Hi, I am using correspondence analysis to examine degrees of homogamy/social distance in society using the occupations of husbands and wives as markers of social position. I have done this over five historical points using New Zealand census data (1981-2001). I'm using the dimension scores (1 and 2) of the CA process to achieve a ranked scale of homogamy/social interaction . It is expected that the order of the ranking will be similar to that of the ranking of occupations in the issco model . This indeed is the case with three of the time periods. At two points in time however this ranking is inverted. Has anyone got tips on how to explain this/switch this around? I believe that the 'best fit model' in correspondence analysis can be a little nebulous. Greenacre talks about 'rotating the axis.' Will this work and how might I do this in SAS?
Any help will be useful.
From: Classification, clustering, and phylogeny estimation [mailto:[log in to unmask]] On Behalf Of Liza Rovniak
Sent: Thursday, 4 September 2008 10:40 a.m.
To: [log in to unmask]
Subject: cluster analysis validation technique
I am hoping someone here can help me with a "how to" question on running McIntyre and Blashfield's (1980) nearest-centroid evaluation procedure to validate the stability of my cluster analysis solution. I am a newbie to cluster analysis, so this is my first time running this procedure.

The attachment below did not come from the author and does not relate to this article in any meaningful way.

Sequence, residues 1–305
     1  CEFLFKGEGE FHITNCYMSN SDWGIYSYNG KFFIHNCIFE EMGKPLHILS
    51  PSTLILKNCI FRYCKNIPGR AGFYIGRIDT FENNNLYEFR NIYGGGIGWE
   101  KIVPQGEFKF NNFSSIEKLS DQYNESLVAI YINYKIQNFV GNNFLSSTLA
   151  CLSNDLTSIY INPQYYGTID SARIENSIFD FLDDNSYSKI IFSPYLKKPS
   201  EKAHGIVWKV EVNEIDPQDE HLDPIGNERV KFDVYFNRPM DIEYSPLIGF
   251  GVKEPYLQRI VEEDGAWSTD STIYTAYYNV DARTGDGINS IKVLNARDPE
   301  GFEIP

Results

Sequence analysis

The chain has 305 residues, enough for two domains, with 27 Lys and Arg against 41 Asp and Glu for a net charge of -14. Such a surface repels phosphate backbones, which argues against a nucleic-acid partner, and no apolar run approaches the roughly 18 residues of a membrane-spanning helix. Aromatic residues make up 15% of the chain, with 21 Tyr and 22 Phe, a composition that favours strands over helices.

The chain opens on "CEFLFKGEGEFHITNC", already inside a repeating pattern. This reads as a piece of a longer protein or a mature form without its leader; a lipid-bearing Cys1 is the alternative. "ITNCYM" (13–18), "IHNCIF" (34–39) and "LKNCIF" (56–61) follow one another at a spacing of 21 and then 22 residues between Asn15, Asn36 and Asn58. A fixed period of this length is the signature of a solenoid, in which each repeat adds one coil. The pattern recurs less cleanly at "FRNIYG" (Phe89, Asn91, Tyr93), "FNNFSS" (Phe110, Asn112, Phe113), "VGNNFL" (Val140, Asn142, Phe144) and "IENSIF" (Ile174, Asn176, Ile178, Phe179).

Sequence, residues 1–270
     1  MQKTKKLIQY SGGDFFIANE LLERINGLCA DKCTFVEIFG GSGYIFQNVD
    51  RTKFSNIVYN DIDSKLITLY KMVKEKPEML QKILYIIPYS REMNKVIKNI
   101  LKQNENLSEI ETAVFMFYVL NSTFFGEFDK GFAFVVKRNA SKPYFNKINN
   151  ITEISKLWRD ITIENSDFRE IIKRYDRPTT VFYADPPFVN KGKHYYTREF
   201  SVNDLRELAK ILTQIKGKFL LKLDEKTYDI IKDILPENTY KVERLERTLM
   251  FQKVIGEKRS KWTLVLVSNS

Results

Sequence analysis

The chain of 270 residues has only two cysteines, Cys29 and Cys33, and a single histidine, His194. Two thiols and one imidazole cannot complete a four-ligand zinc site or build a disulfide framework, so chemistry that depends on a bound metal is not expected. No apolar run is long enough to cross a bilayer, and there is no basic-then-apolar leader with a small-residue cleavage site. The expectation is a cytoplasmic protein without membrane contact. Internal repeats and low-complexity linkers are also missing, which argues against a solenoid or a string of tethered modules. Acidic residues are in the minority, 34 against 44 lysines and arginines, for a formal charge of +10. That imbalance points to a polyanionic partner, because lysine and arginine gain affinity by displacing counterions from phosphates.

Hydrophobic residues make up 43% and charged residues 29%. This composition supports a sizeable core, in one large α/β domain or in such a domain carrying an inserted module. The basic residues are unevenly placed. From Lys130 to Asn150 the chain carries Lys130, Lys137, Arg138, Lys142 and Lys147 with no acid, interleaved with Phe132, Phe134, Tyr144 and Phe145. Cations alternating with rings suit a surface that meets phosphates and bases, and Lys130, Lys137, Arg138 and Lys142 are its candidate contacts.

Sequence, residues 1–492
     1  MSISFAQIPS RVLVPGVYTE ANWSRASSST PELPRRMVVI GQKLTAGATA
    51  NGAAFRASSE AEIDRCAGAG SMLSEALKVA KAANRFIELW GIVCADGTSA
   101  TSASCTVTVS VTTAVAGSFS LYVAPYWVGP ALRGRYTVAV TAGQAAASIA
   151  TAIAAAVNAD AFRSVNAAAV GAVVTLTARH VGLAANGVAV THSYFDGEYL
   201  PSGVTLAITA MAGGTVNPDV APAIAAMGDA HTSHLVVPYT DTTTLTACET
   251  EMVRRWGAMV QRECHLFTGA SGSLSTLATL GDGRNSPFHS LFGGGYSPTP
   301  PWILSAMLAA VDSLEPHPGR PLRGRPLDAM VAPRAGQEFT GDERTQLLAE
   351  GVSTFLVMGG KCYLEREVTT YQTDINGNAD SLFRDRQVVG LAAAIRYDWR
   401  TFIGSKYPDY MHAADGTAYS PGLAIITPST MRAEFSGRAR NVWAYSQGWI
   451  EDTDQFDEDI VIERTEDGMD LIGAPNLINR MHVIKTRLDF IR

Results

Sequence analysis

I have a sample of about 900 observations and have randomly split the sample in two (Sample A and Sample B). I conducted hierarchical cluster analysis and then calculated the centroid vectors for a 3-cluster solution on each of these two subsamples (i.e., steps 1 through 4 of McIntrye and Blashfield's evaluation technique).
Step 5 of McIntrye and Blashfield's technique is to calculate "the squared Euclidean distance for each of Sample B's objects from each of the centroids of Sample A," and Step 6 is to assign "each object in Sample B to the closest centroid vector." At this point, I am not sure what buttons to press in SPSS to complete the analysis. One possibility I tried is to use K-means cluster analysis to achieve these two steps, but K-means uses simple Euclidean distance (not squared Euclidean distance as recommended by McIntyre and Blashfield) to assign the observations to clusters. Is this okay? (someone told me it was, but I just want to double-check). I would greatly appreciate any guidance on what buttons to press in SPSS/appropriate syntax to complete steps 5 and 6 of this analysis.
Liza S. Rovniak, PhD, MPH
Adjunct Assistant Professor
Center for Behavioral Epidemiology & Community Health
Graduate School of Public Health, San Diego State University
San Diego, CA 92123
Phone: 858-505-4770, ext. 152; Fax: 858-505-8614
Email: [log in to unmask]
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